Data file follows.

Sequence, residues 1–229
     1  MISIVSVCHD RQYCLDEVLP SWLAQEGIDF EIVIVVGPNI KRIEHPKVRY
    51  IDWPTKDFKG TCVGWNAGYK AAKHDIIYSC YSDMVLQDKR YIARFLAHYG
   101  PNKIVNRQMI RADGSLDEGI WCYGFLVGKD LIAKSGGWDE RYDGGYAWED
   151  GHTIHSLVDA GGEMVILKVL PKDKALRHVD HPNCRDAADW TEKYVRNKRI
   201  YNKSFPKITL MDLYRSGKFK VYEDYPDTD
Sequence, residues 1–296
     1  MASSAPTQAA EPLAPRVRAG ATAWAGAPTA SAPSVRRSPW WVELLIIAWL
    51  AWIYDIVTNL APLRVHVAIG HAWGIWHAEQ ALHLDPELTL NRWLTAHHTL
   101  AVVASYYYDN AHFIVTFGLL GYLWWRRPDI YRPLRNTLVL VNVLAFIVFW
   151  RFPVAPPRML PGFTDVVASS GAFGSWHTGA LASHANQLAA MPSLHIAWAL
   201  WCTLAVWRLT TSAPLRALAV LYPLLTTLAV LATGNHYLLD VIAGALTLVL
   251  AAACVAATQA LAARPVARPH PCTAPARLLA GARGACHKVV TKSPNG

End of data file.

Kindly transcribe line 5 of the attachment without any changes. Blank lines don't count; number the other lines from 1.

   151  GHTIHSLVDA GGEMVILKVL PKDKALRHVD HPNCRDAADW TEKYVRNKRI